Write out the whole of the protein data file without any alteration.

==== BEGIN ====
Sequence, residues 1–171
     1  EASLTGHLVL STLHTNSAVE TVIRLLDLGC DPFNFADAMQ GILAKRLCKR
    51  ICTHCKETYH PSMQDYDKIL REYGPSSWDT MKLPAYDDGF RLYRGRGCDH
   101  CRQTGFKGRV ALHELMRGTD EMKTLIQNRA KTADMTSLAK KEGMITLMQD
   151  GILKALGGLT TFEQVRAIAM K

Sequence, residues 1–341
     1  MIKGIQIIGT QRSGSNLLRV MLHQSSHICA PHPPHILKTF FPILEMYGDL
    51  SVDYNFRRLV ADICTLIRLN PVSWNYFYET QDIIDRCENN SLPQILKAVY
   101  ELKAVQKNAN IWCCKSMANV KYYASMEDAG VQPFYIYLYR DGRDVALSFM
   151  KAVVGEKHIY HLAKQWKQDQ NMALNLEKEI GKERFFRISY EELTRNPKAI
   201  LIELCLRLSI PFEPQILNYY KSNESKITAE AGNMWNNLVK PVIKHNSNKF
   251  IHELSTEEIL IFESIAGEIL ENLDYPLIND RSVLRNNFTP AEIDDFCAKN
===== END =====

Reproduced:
Sequence, residues 1–171
     1  EASLTGHLVL STLHTNSAVE TVIRLLDLGC DPFNFADAMQ GILAKRLCKR
    51  ICTHCKETYH PSMQDYDKIL REYGPSSWDT MKLPAYDDGF RLYRGRGCDH
   101  CRQTGFKGRV ALHELMRGTD EMKTLIQNRA KTADMTSLAK KEGMITLMQD
   151  GILKALGGLT TFEQVRAIAM K

Sequence, residues 1–341
     1  MIKGIQIIGT QRSGSNLLRV MLHQSSHICA PHPPHILKTF FPILEMYGDL
    51  SVDYNFRRLV ADICTLIRLN PVSWNYFYET QDIIDRCENN SLPQILKAVY
   101  ELKAVQKNAN IWCCKSMANV KYYASMEDAG VQPFYIYLYR DGRDVALSFM
   151  KAVVGEKHIY HLAKQWKQDQ NMALNLEKEI GKERFFRISY EELTRNPKAI
   201  LIELCLRLSI PFEPQILNYY KSNESKITAE AGNMWNNLVK PVIKHNSNKF
   251  IHELSTEEIL IFESIAGEIL ENLDYPLIND RSVLRNNFTP AEIDDFCAKN